Rick Harper’s enthusiasm and passion for trees – and educating others about them – is contagious. Since August 2012, he has occupied a newly-created extension faculty position in the Department of Environmental Conservation at the University of Massachusetts Amherst.
As Extension Assistant Professor of Urban & Community Forestry, Harper’s position involves a three-way “split” of teaching, research and extension. That means that at certain periods in the year he may be spending considerable time in the classroom instructing urban forestry/arboriculture students on the UMass campus, or that he may be traveling to Extension programs throughout Massachusetts - and North America – reaching adult audiences with lectures and hands-on activities about the management and stewardship of urban trees.
In addition to these teaching activities, Harper is currently involved in coordinating and leading four integrated research and extension projects that range from examining the performance of urban deciduous trees (i.e., oak, elm) as well as their coniferous (i.e., hemlock) counterparts. “My hope is that our research would contribute to the long-term understanding of urban trees, and how to help create environments that foster success for our urban plantings. Urban trees, after all, help to not only beautify our towns and cities, but to add important ecosystem and economic benefit to our communities” says Harper.
As part of his Extension responsibilities, Harper administers a monthly, 60-minute noonhour webcast titled ‘Urban Forestry Today’. As part of this initiative, he recruits expert speakers from other academic institutions and the industry to discuss the latest research and practice pertaining to the management of our urban tree resource. In response to this program, an audience of 200 practitioners and academics from across the U.S., Canada, and Europe routinely attend these live broadcasts that are also archived at his website: http://www.urbanforestrytoday.org/ “A big drawing-point for these webcasts are the professional continuing education credits that they offer both to certified arborists that attend “live”, and to those that watch the archived edition” says Harper.
Shortly after commencing his position at UMass, he noted that both business and non-profit urban forestry stakeholders expressed interest in offering internship opportunities for young and promising student scholars. At the same time, he also observed student interest related to working in the community and gaining experience in environmental conservation projects. He initiated the ‘Connecting Students with Stakeholders’ initiative where he successfully links interested students with off-campus internship opportunities for independent study credit, work experience, and even income and publication opportunities. Since its inception in 2014, this initiative has directed seven students through specific civic engagement opportunities that have ranged from working with community wood banks to provide fuel for local residents (including low-income individuals), to working with local small business and non-profit leaders in underserved communities.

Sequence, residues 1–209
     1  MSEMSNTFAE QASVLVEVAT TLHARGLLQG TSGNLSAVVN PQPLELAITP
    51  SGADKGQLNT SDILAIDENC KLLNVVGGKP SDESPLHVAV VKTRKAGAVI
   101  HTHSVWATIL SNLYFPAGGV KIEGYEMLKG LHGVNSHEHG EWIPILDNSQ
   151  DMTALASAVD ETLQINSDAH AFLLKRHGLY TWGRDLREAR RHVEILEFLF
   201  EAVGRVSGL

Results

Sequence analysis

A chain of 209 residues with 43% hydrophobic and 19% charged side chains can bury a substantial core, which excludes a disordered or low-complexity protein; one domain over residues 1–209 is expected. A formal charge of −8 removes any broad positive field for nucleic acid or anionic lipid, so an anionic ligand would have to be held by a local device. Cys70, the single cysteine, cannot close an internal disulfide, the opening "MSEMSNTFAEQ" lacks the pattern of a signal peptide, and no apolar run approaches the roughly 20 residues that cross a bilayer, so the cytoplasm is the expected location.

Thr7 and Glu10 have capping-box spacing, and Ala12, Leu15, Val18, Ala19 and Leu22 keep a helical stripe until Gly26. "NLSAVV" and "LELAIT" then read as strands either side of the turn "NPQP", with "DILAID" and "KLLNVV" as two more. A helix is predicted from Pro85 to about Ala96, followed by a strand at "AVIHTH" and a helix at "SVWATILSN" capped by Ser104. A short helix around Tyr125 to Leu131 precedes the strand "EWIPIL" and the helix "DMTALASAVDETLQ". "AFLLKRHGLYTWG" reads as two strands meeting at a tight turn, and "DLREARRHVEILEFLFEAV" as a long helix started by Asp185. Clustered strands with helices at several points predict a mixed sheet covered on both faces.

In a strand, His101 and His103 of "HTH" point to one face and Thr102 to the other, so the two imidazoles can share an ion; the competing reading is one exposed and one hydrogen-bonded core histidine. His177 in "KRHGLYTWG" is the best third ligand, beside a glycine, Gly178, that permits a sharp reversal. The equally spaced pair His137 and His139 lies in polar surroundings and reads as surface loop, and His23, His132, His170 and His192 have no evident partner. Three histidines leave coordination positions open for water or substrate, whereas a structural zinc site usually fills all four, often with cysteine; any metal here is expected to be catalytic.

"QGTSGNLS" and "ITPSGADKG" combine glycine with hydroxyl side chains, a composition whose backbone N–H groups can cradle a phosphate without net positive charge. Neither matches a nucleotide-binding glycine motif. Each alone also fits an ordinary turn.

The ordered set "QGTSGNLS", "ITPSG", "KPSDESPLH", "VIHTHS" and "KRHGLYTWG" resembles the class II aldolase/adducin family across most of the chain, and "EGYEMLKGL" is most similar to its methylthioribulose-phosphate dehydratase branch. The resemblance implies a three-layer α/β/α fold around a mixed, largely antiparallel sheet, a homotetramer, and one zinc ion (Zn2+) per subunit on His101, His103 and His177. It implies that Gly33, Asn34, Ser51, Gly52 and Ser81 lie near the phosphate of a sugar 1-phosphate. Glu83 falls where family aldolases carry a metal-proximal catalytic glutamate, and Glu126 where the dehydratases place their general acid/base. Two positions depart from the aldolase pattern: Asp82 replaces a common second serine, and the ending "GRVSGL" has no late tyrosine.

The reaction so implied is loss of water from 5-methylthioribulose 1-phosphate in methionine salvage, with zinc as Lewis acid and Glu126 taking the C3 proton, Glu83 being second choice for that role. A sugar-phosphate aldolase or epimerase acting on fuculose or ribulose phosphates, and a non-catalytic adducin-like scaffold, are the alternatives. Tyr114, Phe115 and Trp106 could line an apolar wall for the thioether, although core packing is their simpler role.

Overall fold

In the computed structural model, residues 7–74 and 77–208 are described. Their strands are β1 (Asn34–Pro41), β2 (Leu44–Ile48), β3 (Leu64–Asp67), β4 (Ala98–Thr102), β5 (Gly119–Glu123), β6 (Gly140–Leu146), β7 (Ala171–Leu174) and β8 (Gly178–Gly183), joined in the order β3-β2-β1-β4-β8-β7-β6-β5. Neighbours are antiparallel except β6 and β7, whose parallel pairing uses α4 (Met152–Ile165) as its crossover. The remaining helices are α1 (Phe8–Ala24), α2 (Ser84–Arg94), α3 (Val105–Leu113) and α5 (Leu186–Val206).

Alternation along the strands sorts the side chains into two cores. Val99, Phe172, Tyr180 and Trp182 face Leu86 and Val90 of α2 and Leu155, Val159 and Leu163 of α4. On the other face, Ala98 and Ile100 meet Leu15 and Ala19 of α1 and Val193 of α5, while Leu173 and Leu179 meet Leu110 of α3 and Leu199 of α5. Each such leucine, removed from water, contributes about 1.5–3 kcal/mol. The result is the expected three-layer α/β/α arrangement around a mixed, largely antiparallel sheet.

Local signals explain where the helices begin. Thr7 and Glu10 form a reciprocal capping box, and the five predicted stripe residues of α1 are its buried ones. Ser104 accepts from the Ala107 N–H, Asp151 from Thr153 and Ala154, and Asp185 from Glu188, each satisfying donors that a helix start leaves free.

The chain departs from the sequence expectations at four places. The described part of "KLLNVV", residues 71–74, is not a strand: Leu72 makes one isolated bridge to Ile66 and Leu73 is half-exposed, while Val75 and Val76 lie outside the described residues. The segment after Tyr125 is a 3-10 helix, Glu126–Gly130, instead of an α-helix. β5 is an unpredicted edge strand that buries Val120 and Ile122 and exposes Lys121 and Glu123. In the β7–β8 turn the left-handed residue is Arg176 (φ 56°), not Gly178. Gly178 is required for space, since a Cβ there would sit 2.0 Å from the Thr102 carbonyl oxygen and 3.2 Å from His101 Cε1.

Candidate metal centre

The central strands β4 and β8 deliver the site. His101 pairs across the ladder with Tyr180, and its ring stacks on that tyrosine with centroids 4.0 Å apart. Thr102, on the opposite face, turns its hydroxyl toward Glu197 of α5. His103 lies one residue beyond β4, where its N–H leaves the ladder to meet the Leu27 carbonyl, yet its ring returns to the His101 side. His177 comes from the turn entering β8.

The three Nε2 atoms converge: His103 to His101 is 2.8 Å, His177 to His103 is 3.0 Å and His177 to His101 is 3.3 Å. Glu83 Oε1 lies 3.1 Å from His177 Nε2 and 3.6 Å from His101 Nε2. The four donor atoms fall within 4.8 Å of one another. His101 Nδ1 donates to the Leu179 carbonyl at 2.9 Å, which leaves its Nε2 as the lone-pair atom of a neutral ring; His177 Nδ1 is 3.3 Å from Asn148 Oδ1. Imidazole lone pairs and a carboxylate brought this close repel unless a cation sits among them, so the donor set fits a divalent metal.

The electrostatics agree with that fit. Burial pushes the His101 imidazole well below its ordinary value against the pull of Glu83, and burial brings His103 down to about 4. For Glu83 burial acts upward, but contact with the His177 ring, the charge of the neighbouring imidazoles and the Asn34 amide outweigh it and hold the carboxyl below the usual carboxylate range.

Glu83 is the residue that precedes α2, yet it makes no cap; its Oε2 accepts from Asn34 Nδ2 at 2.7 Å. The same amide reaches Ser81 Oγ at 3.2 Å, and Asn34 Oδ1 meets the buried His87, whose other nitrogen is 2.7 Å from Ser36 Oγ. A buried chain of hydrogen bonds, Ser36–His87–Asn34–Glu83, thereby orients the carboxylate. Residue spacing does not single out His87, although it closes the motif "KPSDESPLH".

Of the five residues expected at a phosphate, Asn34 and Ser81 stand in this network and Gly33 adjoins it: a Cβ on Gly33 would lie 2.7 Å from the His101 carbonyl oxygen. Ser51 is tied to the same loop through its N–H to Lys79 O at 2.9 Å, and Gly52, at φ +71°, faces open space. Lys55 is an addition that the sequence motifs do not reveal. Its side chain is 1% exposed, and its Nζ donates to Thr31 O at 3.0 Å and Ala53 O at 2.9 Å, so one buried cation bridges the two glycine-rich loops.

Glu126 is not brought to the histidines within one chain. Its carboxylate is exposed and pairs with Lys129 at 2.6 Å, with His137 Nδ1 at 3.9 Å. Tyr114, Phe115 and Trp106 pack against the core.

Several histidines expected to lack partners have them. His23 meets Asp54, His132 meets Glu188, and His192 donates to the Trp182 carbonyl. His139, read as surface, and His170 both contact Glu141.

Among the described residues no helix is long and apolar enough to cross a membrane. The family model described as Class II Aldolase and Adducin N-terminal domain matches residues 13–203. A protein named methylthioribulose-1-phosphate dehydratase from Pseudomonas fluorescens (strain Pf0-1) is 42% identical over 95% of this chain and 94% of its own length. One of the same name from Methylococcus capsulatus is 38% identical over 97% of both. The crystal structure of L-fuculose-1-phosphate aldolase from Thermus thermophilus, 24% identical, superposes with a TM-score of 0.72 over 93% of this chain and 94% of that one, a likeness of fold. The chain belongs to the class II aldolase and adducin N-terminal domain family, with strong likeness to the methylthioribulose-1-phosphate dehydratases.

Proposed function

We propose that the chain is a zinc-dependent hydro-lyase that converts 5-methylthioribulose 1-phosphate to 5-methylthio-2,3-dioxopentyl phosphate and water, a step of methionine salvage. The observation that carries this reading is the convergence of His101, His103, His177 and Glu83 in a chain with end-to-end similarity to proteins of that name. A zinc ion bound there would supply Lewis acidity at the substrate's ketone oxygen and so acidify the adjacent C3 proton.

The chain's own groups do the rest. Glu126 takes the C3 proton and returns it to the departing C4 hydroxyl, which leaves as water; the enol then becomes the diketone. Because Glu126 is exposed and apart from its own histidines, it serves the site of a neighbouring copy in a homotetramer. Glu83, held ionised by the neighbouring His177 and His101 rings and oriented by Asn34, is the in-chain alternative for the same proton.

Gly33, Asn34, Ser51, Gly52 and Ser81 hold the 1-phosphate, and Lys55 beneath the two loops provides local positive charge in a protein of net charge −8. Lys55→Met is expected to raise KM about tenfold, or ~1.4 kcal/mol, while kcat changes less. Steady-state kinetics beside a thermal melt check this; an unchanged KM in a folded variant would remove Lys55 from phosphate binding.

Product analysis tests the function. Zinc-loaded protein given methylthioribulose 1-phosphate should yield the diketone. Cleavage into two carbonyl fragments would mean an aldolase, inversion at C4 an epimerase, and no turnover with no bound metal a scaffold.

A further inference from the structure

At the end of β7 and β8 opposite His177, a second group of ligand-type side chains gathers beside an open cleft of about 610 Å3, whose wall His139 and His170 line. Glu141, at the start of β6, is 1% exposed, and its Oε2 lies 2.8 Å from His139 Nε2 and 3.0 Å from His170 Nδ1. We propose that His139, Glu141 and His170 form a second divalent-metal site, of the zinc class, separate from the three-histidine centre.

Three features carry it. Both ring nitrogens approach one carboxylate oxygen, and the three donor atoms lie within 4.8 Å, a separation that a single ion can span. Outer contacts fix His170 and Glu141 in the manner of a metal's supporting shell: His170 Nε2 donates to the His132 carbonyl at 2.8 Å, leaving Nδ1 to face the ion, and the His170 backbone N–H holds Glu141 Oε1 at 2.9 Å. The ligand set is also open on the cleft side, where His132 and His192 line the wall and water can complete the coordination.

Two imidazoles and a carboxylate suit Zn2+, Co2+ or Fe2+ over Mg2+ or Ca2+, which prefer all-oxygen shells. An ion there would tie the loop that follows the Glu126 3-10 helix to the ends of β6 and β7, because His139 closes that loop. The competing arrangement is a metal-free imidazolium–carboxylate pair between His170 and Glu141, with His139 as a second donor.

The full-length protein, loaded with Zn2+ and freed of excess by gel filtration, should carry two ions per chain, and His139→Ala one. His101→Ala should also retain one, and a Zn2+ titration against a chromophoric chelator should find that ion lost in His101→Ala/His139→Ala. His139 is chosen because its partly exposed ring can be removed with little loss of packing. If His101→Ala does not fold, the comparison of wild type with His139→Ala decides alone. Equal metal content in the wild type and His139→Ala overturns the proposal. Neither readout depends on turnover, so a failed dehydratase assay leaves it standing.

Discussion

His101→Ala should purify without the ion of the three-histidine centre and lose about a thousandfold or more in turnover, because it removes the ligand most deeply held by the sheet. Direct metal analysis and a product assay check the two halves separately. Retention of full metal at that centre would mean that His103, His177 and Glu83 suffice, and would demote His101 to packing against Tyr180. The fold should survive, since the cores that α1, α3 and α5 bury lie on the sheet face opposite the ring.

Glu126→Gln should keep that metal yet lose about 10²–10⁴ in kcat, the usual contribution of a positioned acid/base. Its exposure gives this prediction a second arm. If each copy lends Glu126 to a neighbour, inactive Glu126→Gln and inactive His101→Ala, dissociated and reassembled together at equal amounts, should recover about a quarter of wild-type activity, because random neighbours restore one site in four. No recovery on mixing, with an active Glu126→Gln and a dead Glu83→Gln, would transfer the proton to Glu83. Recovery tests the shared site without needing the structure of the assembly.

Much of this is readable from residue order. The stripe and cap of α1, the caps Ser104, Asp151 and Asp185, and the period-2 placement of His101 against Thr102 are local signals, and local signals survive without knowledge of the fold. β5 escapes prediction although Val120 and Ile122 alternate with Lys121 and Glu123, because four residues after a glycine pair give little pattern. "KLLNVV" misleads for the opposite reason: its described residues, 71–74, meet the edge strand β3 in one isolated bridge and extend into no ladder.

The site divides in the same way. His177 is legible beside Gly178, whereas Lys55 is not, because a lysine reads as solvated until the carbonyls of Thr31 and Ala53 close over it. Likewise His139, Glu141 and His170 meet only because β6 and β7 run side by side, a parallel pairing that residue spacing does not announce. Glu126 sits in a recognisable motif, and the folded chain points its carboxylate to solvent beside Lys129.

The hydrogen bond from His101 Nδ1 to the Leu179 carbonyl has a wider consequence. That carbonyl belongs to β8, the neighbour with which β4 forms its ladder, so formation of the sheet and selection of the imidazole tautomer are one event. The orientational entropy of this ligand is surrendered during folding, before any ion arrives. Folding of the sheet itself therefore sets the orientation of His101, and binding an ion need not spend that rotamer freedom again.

Massachusetts has a very active professional and volunteer-based network of urban forestry associations and Harper takes the opportunity to be involved with many of them. He currently serves and provides leadership on the following Boards of Directors: Massachusetts Tree Wardens and Foresters Association (Advisor), ReGreen Springfield (Ex-officio member), New England International Society of Arboriculture Board of Directors (Vice-President), as well as the US Forest Service 'Urban Forest Strike Steam' Advisory Board.
Recognizing his outstanding work, Harper has received two awards since arriving at UMass: the President’s Award by the Mass. Tree Wardens and Foresters Association and an ‘Award of Achievement’ by the International Society of Arboriculture (ISA) for his popular webcasts. With nearly 25,000 members, ISA is the largest arboricultural/urban forestry association in the world.
From the classroom, to the boardroom, to the urban forest, Harper feels fortunate to be in a job he loves that enables him to reach others with the good news about trees and their benefits.